Quarterly Journal on Management
From the publishers of THE HINDU BUSINESS LINE
Vol. 2 :: No. 1 :: March 1998
And All the King's Men...
When anyone talks of bureaucracy, what follows is a discussion on how to reform the organisation; How to change it? It's also a question of challenging an establishes system or model and to change, we need to challenge certain assumptions within the system and without. One book that does challenge assumptions in business is ``Just Don't Do It!'' by Joel Brandon and Daniel Morris, published by McGraw-Hill.
Why is there an unprecedented level of doubt concerning the ability of business to manage its affairs effectively? The authors declare, ``1) today's managers do not have the tools to do their jobs, and, 2) business today is encumbered with yesterday's baggage.'' There is much skepticism about the first reason because of the range of tools now available, especially in terms of information technology. The basic question is this: The tools are available but are the craftsmen using them properly? Now, the second reason is something that holds true in most organisations: One of the most repeated negation statements is, ``It has never been done before!'' It is also the primary reason for bureaucratic organisations finding it very difficult to change.
``The essential issue in business is success: How can a level of excellence be achieved and sustained?'' Well, first, by going back to the basics and second, by questioning assumptions. The first real chapter that challenges assumptions is ``Just don't tolerate business as usual: Challenging the assumptions of general management.'' One major assumption is `Nothing really gets done -- no one will notice whether I do a good job or not.' One can well imagine what this sort of attitude will lead to. However, is the problem with the people? `No!' say the authors: ``The actual problem is the culture that allows this unproductive practice.'' This is also one assumption that really aggravates problems in a bureaucratic set-up.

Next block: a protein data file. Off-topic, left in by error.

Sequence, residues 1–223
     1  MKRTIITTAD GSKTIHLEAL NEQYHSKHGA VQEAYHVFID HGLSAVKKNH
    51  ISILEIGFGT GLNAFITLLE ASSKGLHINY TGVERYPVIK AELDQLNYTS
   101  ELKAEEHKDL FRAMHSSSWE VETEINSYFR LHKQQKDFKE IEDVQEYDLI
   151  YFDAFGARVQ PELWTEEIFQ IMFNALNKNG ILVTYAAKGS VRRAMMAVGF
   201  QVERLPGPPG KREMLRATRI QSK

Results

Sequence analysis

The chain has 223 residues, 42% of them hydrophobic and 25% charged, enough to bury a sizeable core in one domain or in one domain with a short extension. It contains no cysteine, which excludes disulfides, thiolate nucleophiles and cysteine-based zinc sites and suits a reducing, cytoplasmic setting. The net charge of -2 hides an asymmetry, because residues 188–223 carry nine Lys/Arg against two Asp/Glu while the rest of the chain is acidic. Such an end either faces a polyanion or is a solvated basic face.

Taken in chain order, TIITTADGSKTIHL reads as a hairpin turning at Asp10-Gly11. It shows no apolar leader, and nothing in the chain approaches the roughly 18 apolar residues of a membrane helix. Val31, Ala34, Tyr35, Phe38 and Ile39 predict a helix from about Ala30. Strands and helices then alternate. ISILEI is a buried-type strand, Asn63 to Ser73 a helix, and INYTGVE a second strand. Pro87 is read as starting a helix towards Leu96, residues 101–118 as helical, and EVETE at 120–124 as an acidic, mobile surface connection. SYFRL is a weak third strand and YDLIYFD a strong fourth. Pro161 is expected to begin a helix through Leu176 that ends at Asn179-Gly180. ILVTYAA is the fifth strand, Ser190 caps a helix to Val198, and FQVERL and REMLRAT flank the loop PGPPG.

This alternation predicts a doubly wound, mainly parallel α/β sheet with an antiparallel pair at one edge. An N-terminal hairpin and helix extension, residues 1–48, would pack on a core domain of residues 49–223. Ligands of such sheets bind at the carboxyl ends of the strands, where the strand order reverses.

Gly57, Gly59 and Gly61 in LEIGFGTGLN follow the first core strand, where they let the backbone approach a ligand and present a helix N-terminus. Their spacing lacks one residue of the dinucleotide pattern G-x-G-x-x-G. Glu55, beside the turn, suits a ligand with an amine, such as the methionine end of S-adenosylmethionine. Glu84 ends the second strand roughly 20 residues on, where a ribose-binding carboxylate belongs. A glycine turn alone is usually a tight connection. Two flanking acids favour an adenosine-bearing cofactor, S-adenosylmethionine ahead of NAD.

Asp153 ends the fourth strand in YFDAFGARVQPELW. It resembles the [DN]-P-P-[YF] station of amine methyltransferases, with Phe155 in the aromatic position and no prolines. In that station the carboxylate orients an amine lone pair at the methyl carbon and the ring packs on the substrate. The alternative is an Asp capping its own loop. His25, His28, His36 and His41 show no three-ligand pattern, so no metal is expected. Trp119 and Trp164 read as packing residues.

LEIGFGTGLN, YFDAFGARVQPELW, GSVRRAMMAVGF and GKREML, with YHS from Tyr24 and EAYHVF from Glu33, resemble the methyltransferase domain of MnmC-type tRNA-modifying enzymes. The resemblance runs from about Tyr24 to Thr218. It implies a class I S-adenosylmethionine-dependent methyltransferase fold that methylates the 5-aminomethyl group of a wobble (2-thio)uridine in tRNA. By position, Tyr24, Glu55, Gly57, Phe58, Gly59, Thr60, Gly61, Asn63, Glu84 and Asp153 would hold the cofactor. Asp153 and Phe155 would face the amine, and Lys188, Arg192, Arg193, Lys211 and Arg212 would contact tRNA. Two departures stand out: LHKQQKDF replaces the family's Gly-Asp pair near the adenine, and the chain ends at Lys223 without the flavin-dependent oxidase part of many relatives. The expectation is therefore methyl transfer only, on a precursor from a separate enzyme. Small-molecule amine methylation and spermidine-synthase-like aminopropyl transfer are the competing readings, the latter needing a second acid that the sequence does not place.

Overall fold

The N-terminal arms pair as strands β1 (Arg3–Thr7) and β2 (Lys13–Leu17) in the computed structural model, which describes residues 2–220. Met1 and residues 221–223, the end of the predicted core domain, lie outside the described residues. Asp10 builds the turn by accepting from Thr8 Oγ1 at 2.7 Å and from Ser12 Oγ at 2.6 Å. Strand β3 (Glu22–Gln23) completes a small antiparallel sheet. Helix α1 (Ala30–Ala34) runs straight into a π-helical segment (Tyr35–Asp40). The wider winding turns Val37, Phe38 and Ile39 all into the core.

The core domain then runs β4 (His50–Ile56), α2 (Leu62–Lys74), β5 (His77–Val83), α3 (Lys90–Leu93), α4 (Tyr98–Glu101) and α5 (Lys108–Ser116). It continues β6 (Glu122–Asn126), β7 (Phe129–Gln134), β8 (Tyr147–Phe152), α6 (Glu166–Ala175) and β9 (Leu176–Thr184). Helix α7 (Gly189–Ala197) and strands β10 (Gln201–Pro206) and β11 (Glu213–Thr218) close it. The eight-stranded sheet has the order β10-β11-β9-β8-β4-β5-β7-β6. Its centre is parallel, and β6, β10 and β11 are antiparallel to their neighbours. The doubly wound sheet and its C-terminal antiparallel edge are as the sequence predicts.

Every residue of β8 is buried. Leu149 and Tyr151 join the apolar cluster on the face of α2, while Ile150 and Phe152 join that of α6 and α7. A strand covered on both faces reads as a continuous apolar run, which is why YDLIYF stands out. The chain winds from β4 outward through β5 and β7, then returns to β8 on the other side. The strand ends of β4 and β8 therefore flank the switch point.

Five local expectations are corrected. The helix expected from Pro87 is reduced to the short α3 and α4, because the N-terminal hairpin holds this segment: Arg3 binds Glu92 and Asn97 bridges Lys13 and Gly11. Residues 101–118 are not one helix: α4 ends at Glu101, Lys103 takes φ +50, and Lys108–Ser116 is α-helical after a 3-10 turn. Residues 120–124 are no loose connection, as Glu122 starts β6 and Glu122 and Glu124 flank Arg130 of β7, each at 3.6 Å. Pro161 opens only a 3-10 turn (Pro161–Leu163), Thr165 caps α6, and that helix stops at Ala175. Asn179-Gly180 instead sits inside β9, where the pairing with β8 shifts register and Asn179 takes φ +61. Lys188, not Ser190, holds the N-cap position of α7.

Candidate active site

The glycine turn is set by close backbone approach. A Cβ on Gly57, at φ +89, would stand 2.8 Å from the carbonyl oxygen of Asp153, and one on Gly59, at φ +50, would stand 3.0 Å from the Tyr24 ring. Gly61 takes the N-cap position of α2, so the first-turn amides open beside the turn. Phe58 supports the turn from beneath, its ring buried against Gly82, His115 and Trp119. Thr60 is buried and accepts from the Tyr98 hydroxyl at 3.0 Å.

One step that most ``Change now!'' propagators take is to sit down with the organisation chart and slash the number of levels in the hierarchy and also downsize purely for the sake of downsizing. There is an assumption that ``Process improvement is just another fad.'' The problem here is that process is an important component of business (remember, processes add value, and unnecessary processes diminish value) and whatever change takes place should take place with respect to processes. Put in another way, change with respect to effectiveness, not efficiency.
Another assumption that poses great danger to managers is ``Sweat the details, and the rest will take care of itself.'' The danger is actually in the second part of the assumption. The saying that flashes across the mind is about being penny-wise and pound- foolish. The point is that the more senior the manager, the more he has to think about the future and one cannot sweat the details for some time into the future. The details will have to be looked after by the people in the field, the people in operations. It is important to remember that ``Tactics concern details, but strategy does not.'' As the authors say, ``It is certainly a poor approach to change. Indeed, the details can hide larger issues.''
The authors then go on to discuss various assumptions held in different functional areas of management such as customer relationship, measurement, the human asset, business planning, information technology and assumptions on cost and value. One realisation that hits managers after a few years in any organisation is that systems alone do not run a business successfully. An example of this is the fact that ``just measuring quality does not improve it.'' What does come through in the book is the fact that all over the world, human beings, their feelings, their sufferings, are really the same. This book reads like a consultant's checklist; and depending on your point of view, you will either take it with a pinch of salt, or totally disregard it.
``The nearest thing to immortality in this world is a government
Talk about living! The next book in this report is exactly about that: The Living Company. Written by Arie De Geus, and published by the Harvard Business School Press, `The Living Company' is a book that studies the `Habits for survival in a turbulent business environment.'